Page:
Cole give Yanks best starters’ stretch since 1932, 7-0 win


NEW YORK — Gerrit Cole shook off rare control problems to pitch four-hit ball over seven innings and give the Yankees their most dominant stretch of starting pitching in 89 years, leading New York over the Chicago White Sox 7-0 Saturday for a five-game winning streak.

Cole (6-2) allowed four singles in seven innings, struck out seven and walked as many as three for the first time since Aug. 31. Rebounding from his worst outing this season, he lowered his ERA to 1.81 and ended the day with a 100.8 mph fastball that Andrew Vaughn took for a called third strike, Cole’s fastest pitch this season and the fourth-fastest of his big league career.

Cole extended the scoreless streak by Yankees starters to 30 innings.

Following Corey Kluber’s no-hitter at Texas and outings by Domingo Germán against the Rangers and Jordan Montgomery in Friday night’s series opener, Cole gave the Yankees four straight starts of seven shutout innings for the first time since May 11-16, 1932 (Johnny Allen vs. the St. Louis Browns, George Pipgras and Red Ruffing vs. Chicago and Lefty Gomez vs. Cleveland).

Cole’s lack of control was unusual. He walked five in 57 2/3 innings coming in and had a record streak of 61 strikeouts between walks.

Justin Wilson and Luis Cessa finished the five-hitter, the Yankees major league-leading eighth shutout. They have eight shutouts in the first 46 games for the first time since 1958.

New York has outscored opponents 13-1 in the last four games and clinched its seventh straight series win, moving a season-high eight games over .500 at 27-19. The five-game winning streak matched the Yankees’ season-high and made them 22-9 since a 5-10 start.

Before a season-high crowd of 14,665 on an 86-day afternoon as pandemic restrictions were eased, Gleyber Torres followed Friday night’s walk-off hit with three hits and four RBIs, including a two-run double. He has raised his average to a season-high .268 from .182 before play on April 21.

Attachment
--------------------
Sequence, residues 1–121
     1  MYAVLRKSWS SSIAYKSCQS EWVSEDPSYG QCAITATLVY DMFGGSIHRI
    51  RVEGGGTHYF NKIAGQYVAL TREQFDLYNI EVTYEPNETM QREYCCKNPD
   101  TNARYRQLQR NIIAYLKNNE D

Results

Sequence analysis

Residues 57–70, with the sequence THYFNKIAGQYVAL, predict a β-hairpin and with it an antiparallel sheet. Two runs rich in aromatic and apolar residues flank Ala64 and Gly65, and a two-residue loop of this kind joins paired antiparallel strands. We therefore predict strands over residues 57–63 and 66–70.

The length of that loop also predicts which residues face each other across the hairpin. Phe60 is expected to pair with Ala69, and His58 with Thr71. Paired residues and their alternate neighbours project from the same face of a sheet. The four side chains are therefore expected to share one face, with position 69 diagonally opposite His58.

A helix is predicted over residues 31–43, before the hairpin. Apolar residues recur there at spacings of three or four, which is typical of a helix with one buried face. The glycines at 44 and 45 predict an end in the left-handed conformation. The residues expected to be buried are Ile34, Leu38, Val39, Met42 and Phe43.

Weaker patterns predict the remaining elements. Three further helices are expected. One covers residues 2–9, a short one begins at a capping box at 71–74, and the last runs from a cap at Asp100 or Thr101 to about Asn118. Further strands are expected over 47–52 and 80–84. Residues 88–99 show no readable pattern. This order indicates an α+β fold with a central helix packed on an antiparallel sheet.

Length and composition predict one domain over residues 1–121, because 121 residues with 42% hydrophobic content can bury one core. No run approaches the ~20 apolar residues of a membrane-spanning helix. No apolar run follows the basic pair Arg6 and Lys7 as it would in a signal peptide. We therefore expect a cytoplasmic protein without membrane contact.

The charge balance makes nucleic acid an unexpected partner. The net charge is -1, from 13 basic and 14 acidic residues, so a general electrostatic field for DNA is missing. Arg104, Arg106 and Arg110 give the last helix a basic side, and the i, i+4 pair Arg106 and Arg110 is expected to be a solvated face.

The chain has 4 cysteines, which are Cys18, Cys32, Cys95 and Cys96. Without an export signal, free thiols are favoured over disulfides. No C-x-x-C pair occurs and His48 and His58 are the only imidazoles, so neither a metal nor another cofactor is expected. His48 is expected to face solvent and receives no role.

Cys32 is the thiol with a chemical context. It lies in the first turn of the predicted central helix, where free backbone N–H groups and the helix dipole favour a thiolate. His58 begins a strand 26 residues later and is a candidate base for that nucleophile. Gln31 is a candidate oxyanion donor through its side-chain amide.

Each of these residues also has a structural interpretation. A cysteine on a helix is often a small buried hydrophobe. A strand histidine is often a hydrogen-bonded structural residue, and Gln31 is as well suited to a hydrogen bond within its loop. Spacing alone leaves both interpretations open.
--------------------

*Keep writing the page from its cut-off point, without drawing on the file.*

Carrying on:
Mike Ford hit a 447 foot home run over right-field bullpen

New York’s defense, improved considerably in recent weeks, turned four double plays and could have had a fifth had 2B Rougned Odor not dropped a ball while making a turn. A day after starting a triple play, third baseman Gio Urshela threw out Nick Madrigal trying to score on Tim Anderson’s eighth-inning grounder.

Dylan Cease (2-1) allowed a season-high five runs and five hits in 4 1/3 innings. Chicago lost consecutive games for the first time since April 15-17.

Torres hit a go-ahead, two-run double in a three-run fourth and scored on Odor’s double, then hit a two-run single in the fifth off Matt Foster. Mike Ford homered leading off the sixth and Miguel Andújar hit an RBI double in the seventh.


Luke Voit went 1 for 4 with a walk as he became only the third reigning big league home run champion to hit leadoff, according to the YES Network. Washington’s Frank Howard hit first on Oct. 1, 1969, against Boston when he started his final game of the regular season tied with Minnesota’s Harmon Killebrew for the AL home run title. Howard went 0 for 3 and walk as Killebew homered at the Chicago White Sox. Mark McGwire, unable to play the field due to patella tendinitis in his right knee, hit first, grounded to shortstop and came out of St. Louis’ game at Pittsburgh on Sept. 12, 2000.


Yankees: OF Clint Frazier (neck stiffness) missed his fifth straight game. … RHP Darren O’Day played catch on the field, his first time throwing since he was sidelined by a rotator cuff strain in his pitching shoulder. He last pitched April 29. … CF Aaron Hicks was returning to his home in Arizona for surgery next week on the torn tendon sheath in his left wrist. … RHP Luis Severino threw a simulated game Wednesday for the second time since Tommy John surgery on Feb. 27 last year is close to starting a minor league injury rehabilitation assignment. … 3B coach Phil Nevin is still testing positive for COVID-19.


LHP Dallas Keuchel (3-1, 4.44 ERA) starts for Chicago against RHP Jameson Taillon (1-3, 5.73).

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